When you file for any type of consumer bankruptcy, the court issues an automatic stay immediately. This stay gives you protection against debt collectors.
According to Cornell Law School, the automatic stay prevents debt collectors from collecting the debts you owe.
When you file your petition for bankruptcy, the court will order the stay. At this point, anyone trying to collect a debt from you for any type of debt must stop all collection actions. This includes someone who has a judgment against you or a lien against your property.
The debt collector cannot take any action whatsoever. They must stop calling you or contacting you in any way. In addition, they can no longer take money from you, such as a garnishment.
Your creditors will get the chance to speak to the court during your bankruptcy proceedings. The court allows them to have a say if they feel you could pay the debt.
You should note the automatic stay does not apply in some cases. It will not apply to a child or spousal support orders. You must continue paying for these. A government entity may also be able to collect taxes from you or pursue collection actions for tax debt as well.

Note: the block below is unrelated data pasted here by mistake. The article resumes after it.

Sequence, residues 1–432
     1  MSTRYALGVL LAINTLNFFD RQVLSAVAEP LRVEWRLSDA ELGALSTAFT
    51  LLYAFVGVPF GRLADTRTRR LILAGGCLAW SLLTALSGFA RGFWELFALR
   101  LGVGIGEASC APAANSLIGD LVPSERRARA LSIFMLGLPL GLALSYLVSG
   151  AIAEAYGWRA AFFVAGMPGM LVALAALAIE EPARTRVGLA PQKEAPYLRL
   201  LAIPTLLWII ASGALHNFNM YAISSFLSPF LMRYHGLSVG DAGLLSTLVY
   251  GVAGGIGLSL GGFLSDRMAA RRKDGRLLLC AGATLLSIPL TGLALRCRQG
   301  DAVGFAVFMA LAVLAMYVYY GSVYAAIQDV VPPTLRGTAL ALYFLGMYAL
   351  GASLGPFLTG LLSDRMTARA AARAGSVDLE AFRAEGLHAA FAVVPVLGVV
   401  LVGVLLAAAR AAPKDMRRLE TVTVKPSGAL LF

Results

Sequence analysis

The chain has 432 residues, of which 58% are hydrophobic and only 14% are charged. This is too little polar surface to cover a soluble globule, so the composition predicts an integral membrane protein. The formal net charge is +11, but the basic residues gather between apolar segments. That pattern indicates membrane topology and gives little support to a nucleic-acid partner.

If you have a secured debt where you wish to keep the property securing it, such as a car loan, you may also wish to continue making payments. However, if you do not, the lender cannot take action as long as the stay remains in place.
The court will lift the stay as soon as it discharges your bankruptcy case. At that time any debts you did not clear are available for creditors to resume collection activities.